Do you put maternity leave on your CV?


Today @Scientistmother asked the following question on twitter:

 


It’s been something that I have struggled with too: do you let people know you have (a) child(ren) or not? On the one hand it will explain any gaps you might have in your CV, but on the other hand it may lead some people (let’s say the gray haired male subset of people) to think that you won’t work as hard. And that maybe they should hire/fund someone who doesn’t need to leave at 5 to pick their child up from daycare, or who won’t have to stay home when said child is ill. 
I remember that I went to a talk at SfN last year about work/life balance and the speaker told us that research (that I’ve been trying to cite, but haven’t been able to find yet) has shown that for men it looks good when their CV shows they have kids (for example by including that they are on the PTA of their kid’s school) but for women it doesn’t (and even looks bad).
To speak for myself: I don’t really have a gap in my CV due to BlueEyes being born (although if I hadn’t been tired, nauseous and unable to think coherently I may have got more work done…), so I generally don’t disclose this on my CV or when applying for fellowships, unless for example a fellowship allows you to submit longer after obtaining your PhD due to parental leave. What about you? Do you disclose this somewhere and if so where?

 

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11 Comments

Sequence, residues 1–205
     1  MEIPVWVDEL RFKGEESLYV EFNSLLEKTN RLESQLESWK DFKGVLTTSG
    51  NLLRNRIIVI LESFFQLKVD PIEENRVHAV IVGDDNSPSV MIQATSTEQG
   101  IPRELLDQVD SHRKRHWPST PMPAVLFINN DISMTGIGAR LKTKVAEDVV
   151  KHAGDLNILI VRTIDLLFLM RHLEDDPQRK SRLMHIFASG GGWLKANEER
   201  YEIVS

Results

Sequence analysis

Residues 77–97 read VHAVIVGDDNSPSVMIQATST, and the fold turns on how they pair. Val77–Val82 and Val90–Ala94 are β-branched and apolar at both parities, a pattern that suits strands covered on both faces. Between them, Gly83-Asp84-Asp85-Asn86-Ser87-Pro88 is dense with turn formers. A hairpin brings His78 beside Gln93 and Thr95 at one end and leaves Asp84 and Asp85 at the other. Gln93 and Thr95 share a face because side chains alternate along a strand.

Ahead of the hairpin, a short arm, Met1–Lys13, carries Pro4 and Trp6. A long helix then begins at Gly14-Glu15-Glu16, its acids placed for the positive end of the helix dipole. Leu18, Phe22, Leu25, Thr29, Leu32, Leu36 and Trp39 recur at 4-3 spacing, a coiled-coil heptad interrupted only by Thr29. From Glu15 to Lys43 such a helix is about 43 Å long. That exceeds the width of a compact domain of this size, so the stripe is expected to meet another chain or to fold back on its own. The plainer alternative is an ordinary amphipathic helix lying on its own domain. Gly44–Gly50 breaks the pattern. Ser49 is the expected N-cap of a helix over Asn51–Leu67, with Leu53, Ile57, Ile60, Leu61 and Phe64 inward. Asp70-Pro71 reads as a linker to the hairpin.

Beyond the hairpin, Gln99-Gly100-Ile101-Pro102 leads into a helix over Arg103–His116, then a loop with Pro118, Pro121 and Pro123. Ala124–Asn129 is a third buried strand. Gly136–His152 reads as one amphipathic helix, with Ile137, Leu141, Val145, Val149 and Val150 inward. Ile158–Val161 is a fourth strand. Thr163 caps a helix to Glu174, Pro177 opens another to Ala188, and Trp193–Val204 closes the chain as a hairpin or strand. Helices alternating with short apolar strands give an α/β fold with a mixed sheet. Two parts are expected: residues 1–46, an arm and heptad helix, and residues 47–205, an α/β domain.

Filed under grant writing, maternity leave, work-life balance, working mom

11 responses to “Do you put maternity leave on your CV?

  1. I'm currently struggling with this question for a fellowship app. There's a place in the biosketch to explain “Variances from Ordinary Career Progression.” I already have to list that I changed my name and why. So, writing about having Kiddo may not be that much of a leap. It also might help to explain a slight decrease in productivity. However, I'm still on the fence about it.

  2. Anonymous

    I have an unexplained gap in my CV because I temporarily became a caregiver to a friend suffering from cancer. I had several interviews and responded concisely with that statement when asked, but most interviewers did not even notice. I also got the job I wanted. If it is being disclosed for a necessary accommodation, it still may be best to discuss in negotiations and not in the application or interview.

  3. I'm a professor currently on a search committee, and noticed that several references made a point of the fact that male candidates have families and are great dads. None of that for the female candidates, though. More of them do have gaps, though, and at least from my perspective, more info would be better, but I don't know about what my male colleagues would think. Will ask them.

  4. I think this differs country to country. The general advice for a female candidate in the US that I've heard in several fields is DON'T MENTION IT. They can't bring it up legally. I have a gap in my cv between undergrad and grad school for non family, non-academic reasons that I've just ignored after I got into grad school.